- The Washington Times - Wednesday, June 4, 2008

NEW YORK (AP) | In this densely populated city, residents compete for jobs, apartments, subway seats, taxicabs, even treadmills in the gym.

So when the city announced it was suspending parking regulations in one of its most crowded districts, it inspired something close to pandemonium.

“Park Slopers rejoice!” blared a headline in the Brooklyn Paper about the lifting of restrictions on alternate-side parking in the borough’s trendy Park Slope neighborhood.

New York’s alternate-side parking rules require drivers to move their cars several times a week, as posted on a sign, so streets can be cleaned. The rules are suspended for 34 legal and religious holidays.

For car owners in New York, the ritual of moving one’s vehicle for street sweepers is as much a way of marking the days as the workweek, and scofflaws are ticketed.

Until recently in most areas, curbs had to be clear for three hours, but the city is moving to reduce the length of time during which parking is prohibited to just 90 minutes - which means replacing thousands of street signs.

While the city switches Park Slope - so named for the gentle rise in land toward Brooklyn’s Prospect Park - to the 90-minute schedule, it is removing the old signs and suspending the rules until the new signs are in place.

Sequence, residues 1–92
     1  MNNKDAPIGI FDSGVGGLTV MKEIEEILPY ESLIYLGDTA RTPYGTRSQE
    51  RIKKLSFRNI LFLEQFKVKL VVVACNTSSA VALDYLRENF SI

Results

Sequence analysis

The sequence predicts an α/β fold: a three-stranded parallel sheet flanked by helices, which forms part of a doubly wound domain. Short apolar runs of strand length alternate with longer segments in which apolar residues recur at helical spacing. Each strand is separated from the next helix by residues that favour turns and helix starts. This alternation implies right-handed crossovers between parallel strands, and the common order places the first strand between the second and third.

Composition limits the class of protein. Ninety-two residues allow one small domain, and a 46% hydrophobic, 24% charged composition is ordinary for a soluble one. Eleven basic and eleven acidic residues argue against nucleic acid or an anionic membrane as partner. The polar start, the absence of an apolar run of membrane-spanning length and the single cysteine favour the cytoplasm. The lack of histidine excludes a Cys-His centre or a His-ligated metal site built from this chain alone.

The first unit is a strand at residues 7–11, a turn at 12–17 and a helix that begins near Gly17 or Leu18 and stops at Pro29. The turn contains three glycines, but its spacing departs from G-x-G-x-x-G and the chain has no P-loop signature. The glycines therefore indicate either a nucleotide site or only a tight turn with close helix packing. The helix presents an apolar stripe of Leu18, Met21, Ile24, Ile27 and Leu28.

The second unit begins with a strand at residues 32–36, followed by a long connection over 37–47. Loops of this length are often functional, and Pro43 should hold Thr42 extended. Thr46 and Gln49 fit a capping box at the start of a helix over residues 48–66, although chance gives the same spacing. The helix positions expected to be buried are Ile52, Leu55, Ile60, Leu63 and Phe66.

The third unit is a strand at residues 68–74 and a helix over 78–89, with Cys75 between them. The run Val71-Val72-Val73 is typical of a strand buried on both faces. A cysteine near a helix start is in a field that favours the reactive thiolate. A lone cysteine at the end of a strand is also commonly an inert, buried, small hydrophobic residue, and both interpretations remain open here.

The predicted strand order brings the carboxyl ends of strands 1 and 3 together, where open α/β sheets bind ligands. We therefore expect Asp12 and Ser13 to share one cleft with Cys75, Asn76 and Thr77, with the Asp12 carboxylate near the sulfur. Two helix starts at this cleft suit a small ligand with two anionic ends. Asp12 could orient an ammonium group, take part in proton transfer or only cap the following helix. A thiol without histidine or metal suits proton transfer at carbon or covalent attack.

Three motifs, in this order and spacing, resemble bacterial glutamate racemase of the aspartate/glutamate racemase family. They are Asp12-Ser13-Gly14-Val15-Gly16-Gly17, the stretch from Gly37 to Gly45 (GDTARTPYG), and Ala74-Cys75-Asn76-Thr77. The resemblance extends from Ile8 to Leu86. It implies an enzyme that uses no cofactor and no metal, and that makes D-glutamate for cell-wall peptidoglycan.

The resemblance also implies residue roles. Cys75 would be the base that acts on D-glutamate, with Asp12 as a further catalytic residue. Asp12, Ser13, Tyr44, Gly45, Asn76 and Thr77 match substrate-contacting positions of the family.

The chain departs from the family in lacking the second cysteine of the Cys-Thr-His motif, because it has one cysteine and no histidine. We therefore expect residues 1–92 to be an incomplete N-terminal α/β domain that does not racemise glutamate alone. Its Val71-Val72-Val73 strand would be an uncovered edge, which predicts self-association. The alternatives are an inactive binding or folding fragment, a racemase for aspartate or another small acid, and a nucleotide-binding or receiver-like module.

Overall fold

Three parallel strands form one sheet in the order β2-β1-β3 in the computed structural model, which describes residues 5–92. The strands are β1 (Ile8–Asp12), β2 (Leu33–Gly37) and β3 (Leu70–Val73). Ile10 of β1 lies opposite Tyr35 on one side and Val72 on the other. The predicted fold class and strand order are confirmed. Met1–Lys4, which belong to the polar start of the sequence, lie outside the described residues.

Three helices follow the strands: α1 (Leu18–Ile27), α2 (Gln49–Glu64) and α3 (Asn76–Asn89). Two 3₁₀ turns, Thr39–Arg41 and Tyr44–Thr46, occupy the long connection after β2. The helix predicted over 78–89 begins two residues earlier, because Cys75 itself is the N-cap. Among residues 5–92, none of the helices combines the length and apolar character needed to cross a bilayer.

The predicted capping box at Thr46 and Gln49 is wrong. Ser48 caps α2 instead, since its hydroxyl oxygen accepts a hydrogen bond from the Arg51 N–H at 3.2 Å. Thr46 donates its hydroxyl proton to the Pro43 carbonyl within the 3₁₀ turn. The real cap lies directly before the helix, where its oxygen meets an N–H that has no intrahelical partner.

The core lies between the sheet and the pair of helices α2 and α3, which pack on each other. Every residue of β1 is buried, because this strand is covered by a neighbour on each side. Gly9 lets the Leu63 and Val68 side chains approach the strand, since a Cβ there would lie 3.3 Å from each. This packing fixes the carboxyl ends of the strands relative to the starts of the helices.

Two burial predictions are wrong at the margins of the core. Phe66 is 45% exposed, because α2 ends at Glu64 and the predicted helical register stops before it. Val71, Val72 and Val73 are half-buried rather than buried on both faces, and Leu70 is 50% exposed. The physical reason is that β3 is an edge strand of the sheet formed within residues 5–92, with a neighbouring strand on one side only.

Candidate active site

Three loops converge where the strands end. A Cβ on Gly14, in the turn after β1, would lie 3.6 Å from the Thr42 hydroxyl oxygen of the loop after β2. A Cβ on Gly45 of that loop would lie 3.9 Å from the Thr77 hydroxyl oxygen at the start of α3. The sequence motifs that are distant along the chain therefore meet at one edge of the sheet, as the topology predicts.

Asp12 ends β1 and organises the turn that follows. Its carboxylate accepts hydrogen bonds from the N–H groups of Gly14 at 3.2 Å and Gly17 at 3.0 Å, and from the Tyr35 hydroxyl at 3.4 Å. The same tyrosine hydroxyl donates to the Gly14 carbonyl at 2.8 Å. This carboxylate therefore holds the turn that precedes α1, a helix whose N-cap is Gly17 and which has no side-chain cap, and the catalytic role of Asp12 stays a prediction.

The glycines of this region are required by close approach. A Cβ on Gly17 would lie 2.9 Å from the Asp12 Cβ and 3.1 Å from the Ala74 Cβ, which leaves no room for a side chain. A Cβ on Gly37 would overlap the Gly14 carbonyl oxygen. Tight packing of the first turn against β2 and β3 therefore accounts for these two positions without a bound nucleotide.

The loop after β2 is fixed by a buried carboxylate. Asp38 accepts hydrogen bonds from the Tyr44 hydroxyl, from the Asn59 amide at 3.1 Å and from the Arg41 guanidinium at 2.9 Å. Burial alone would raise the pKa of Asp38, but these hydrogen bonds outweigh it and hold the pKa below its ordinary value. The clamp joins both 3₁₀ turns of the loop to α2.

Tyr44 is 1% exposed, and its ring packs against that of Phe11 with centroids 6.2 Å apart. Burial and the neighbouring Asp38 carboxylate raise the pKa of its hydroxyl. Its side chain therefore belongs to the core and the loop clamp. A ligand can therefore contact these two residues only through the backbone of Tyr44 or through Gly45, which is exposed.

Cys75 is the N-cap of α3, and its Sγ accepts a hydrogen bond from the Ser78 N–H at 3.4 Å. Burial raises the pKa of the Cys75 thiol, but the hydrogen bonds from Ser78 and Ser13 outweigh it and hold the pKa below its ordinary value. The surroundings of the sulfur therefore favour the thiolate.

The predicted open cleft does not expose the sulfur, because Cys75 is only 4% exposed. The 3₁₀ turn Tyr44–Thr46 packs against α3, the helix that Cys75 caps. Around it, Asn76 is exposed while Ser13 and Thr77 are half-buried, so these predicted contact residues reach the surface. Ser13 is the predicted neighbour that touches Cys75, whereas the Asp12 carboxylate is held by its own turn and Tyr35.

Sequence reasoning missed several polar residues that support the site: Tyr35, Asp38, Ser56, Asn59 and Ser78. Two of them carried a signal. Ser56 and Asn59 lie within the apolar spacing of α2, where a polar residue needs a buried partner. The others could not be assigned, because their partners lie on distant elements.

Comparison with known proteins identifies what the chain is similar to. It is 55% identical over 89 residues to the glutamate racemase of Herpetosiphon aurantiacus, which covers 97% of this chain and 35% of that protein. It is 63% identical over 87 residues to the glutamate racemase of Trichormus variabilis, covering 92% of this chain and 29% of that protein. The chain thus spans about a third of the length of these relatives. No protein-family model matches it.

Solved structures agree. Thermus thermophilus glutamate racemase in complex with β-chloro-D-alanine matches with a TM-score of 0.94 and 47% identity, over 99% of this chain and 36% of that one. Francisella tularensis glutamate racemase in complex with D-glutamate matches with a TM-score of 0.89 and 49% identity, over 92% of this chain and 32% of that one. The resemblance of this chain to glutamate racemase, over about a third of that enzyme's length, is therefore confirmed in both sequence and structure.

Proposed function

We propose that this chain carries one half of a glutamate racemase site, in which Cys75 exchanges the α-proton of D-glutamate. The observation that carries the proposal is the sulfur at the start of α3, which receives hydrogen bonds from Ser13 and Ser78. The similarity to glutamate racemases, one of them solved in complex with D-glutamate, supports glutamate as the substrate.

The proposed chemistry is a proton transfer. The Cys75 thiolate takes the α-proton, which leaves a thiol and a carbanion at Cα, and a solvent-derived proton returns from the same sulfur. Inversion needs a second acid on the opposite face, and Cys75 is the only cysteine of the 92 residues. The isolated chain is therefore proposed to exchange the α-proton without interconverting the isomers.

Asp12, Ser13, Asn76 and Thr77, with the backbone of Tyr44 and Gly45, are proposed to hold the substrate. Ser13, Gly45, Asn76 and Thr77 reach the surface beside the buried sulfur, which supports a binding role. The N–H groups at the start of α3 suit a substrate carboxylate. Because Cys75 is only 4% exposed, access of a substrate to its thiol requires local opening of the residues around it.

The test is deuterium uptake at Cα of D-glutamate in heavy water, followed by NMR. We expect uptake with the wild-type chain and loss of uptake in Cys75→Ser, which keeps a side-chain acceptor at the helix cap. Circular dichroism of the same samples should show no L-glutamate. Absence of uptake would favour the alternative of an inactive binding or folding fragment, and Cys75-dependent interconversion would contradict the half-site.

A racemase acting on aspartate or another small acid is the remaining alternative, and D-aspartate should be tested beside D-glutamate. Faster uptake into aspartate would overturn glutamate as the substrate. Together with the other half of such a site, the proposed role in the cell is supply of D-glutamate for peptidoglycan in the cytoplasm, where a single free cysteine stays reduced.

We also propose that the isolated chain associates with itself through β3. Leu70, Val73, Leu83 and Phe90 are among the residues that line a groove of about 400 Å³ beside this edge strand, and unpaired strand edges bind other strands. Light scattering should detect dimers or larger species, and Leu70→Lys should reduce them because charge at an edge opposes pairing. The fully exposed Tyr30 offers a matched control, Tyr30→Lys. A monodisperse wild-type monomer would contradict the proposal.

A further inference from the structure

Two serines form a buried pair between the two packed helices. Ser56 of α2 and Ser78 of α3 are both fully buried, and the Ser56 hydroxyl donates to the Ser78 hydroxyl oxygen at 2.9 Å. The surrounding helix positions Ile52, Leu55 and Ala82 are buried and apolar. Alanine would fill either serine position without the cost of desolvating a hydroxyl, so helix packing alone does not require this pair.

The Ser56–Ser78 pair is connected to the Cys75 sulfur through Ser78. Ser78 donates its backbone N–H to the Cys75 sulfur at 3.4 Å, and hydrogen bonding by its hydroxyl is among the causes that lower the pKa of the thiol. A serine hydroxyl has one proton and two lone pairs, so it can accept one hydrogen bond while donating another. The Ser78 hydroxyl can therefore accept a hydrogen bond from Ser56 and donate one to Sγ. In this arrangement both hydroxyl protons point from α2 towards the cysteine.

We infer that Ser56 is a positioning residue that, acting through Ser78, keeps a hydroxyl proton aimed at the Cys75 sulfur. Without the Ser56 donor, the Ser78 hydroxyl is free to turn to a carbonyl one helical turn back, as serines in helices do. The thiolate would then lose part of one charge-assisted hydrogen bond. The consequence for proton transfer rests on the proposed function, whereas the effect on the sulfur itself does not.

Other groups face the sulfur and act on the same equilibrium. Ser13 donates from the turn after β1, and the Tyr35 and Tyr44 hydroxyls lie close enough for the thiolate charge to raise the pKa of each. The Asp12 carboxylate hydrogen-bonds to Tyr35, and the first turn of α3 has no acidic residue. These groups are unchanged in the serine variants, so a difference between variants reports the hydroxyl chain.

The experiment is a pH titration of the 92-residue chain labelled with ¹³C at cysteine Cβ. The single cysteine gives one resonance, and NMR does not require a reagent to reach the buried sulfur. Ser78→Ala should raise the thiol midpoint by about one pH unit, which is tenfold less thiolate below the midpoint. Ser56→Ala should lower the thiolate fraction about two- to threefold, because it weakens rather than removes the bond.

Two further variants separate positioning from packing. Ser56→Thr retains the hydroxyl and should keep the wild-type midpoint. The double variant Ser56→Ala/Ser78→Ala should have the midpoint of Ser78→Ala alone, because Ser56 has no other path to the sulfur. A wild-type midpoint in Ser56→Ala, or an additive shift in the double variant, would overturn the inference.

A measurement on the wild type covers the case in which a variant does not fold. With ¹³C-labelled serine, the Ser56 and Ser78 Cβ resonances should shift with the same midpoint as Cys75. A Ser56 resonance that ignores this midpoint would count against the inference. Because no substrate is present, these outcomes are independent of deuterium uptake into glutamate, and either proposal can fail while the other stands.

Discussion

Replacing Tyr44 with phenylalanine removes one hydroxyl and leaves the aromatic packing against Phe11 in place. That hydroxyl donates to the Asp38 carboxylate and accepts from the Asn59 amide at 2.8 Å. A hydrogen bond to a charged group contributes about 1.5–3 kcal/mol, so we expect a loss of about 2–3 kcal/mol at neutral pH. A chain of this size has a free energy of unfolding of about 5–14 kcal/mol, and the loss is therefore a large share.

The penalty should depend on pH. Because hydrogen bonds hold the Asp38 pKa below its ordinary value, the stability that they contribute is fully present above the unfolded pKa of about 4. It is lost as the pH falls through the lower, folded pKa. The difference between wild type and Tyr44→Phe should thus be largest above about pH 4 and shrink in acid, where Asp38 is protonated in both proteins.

During that period, which began May 19 and will run for several months, drivers can park anywhere alternate-side parking used to be in effect, for as long as they want.

Karen Cani, a 51-year-old carpet store employee who drives to work in Park Slope, could hardly believe the news when she heard it. She confirmed it from the city’s information hot line, then parked, with great excitement, in a previously forbidden zone.

Problem was, she miscalculated and was one block out of the territory where rules were suspended. “I come out, and I’ve got a ticket,” she said.

Parking spaces evoke strong feelings in New York City, a city of 8 million where there are 1.7 million registered cars clogging the narrow streets and more than 387,000 in Brooklyn alone.

A 2007 study by the public transit advocacy group Transportation Alternatives found curbside spaces nearly 100 percent occupied in Park Slope.

The jury is still out on whether the monthslong lifting of rules will raise or decrease parking availability in a city where many residents have cars but may not use them daily.

Some residents worry that drivers from other neighborhoods will flood Park Slope to find a space for their car where it can stay parked for more than just a few days.

But Craig Hammerman, district manager for the local community board, said he hasn’t noticed much of a change and even expects more parking as people flee town for the summer.

Others worry the streets will get dirty and attract vermin.

Ralph Satucci, an 85-year-old retired construction worker, took note of the leaves and seed pods littering the gutter as he waited for his wife to leave the doctor’s office.

“It was much cleaner” last time he made the trip, he said.

Writer Calvin Trillin, whose novel “Tepper Isn’t Going Out” takes a humorous look at New Yorkers’ obsession with finding legal parking spaces on the street, predicted that Park Slope residents won’t want to move their cars, ever.

“Once they park them they can’t move them,” he joked. “I think some people will use them as places to live.”

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